1. Lundy Bancroft, Why Does he do that? Insides the Minds of Angry and Controlling Men, (Berkly Publishing, 2003)

2. Aisha Gill, ‘Honour’ Killing and Violence: Theory, Policy and Practice, (London: Palgrave Macmillan, 2014)

3. Dee L.R. Graham, Loving to Survive: Sexual Terror, Men’s Violence and Women’s Lives, (New York University Press, 1994) – a full PDF of this text is available here.

4. Lynne Harne, Violent Fathering and the Risks to Children: The Need for Change, (Policy Press, 2011)

5. Michael P. Johnson, A Typology of Domestic Violence: Intimate Terrorism, Violent Resistance and Situational Couple Violence, (Northeastern University Press, 2008)

6. Lorraine Radford & Marianne Hester, Mothering through Domestic Violence, (Jessica Kingsley Publishers, 2006)

7. Evan Stark’s Coercive Control: How Men Entrap Women in Personal Life (Oxford University Press, 2007)

8. Liz Kelly, Surviving Sexual Violence, (Polity Press, 1988)

9. Nancy Berns, Framing the Victim, Domestic Violence Media & Social Problems (Transaction pub. 2008)

10. Nina Burrowes, The Courage to be Me, (2014)

11. Gavin De Becker, The Gift of Fear, (Bloomsbury Pub, 2000)

12. Marianne Hester, Who does what to whom? Gender and domestic violence perpetrators. (Bristol University, 2009)

13. Kimmel, “Gender Symmetry” in Domestic Violence: A Substantive and Methodological Research ReviewViolence Against Women, vol. 8 No.11

14. Rachel Pain Everyday Terrorism: How Fear Works in Domestic Abuse, (University of Durham & Scottish Women’s Aid)

15. Jennifer Perry, Digital Stalking: A guide to technology risks for victims, (Pub, by Network for Surviving Stalking & Women’s Aid)

16. Women’s Aid, Virtual world, real fear: Women’s Aid report into online abuse, harassment and stalking.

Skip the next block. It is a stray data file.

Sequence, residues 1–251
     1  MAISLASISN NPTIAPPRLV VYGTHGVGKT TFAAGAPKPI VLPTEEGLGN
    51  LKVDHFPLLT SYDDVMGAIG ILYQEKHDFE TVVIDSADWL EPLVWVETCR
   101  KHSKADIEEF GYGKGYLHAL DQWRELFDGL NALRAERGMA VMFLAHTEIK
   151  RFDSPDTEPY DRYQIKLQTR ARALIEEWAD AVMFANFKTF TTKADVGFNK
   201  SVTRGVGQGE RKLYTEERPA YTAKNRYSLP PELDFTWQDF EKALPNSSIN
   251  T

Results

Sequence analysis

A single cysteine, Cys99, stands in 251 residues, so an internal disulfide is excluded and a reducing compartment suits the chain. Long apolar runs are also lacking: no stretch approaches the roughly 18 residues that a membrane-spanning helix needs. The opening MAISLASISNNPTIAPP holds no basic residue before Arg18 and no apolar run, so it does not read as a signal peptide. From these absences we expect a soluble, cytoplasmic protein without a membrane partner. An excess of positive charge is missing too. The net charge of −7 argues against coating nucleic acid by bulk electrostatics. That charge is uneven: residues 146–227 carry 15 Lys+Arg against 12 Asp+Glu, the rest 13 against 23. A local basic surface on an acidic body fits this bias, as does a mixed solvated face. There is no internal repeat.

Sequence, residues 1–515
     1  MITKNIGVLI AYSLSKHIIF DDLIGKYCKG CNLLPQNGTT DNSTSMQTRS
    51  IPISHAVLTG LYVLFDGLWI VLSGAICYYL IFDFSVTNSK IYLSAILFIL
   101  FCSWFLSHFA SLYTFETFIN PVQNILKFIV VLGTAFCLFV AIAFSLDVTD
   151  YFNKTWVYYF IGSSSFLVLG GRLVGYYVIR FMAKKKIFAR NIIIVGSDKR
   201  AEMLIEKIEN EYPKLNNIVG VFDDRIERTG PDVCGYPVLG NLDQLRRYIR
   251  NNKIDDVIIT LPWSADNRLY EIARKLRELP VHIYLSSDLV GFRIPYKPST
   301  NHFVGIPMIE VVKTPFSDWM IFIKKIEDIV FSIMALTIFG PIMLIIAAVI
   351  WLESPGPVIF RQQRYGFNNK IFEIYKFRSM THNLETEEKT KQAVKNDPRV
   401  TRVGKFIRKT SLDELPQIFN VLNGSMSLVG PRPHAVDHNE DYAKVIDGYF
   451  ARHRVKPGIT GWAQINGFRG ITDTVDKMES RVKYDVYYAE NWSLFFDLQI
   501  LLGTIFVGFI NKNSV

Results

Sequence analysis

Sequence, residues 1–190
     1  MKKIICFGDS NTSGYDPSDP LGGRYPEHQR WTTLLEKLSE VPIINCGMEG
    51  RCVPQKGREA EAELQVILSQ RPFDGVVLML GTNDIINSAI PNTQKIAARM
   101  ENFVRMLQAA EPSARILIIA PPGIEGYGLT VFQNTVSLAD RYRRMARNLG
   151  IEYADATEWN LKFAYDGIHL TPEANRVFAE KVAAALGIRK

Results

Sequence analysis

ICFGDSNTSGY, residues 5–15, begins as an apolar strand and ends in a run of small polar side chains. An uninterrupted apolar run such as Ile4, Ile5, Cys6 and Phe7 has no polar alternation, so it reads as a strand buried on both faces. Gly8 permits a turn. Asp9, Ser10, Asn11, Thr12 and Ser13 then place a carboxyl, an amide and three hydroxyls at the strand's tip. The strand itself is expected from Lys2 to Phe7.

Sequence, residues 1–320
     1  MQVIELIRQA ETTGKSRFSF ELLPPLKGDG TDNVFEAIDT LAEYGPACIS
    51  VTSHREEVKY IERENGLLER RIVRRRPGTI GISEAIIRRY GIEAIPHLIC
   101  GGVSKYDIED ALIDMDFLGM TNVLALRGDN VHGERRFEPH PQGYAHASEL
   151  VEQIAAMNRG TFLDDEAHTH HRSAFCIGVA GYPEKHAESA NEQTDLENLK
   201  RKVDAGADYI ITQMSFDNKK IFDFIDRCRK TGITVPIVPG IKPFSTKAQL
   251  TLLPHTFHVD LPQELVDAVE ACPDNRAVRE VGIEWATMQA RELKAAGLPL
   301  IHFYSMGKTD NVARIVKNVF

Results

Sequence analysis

Granted my list  has slightly more than 14 books, but I figure if Zuckerberg has taken the time out from running a multi-national corporation to give the general public a reading list, he has the time to make sure his corporation isn’t perpetuating violence against women and girls.

I really hope this is meant to be a joke:

because this has to be one of the stupidest things I have ever read:

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The province of Ontario needs to do some serious work on their social studies curriculum if this what their graduates come out with.

#DickheadDetox Donald Trump for being a White Supremacist


Donald Trump’s recent public statements on migrant workers don’t need to be deconstructed: they are racist and xenophobic.

But, he isn’t an anomaly. Trump represents the core of the Republican Party. Dismissing Trump as a joke or ‘mad’ is to fundamentally misunderstand American politics. It ignores the entirety of American history starting at colonization and continues through US foreign policy and domestic policies on housing, welfare and healthcare.

After all, there’s already a giant wall between Texas and Mexico. Trump wanting to expand it doesn’t make him more racist than the men who built it in the first place.

Rihanna should have known better because she’s a victim of domestic violence

I’ve seen this statement repeated on numerous blogs and media articles on Rihanna’s latest video and it seriously pisses me off. Holding a victim of domestic violence to a higher standard than other women isn’t a feminist position. I don’t like Rihanna’s new video, but this idea that she has transcended all of the societal norms of the capitalist patriarchy by being a victim of male violence is inherently anti-feminist. This is victim blaming language and feminists shouldn’t be shaming a woman.

Critical engagement with the video is essential, but critical engagement doesn’t involve victim blaming language or woman-shaming. Feminists should know better.


8 Celebrities Who Look Like A Quality Street

This is actually an article in the Huffington Post. I’m not going to link to it since they don’t need the advertising clicks, but this is the world we live in: not only are women body-shamed for having bodies, our clothing is policed for looking like “chocolate wrappers”.

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Celebrity women get trashed in the media for going out in jeans or trackie bottoms, but also shamed for dressing up in designer clothes for events they are required to wear. As women, we need to stop consuming media that shames women for their bodies. We may not be able to stop it but we can certainly cause financial harm to such online media by refusing to click.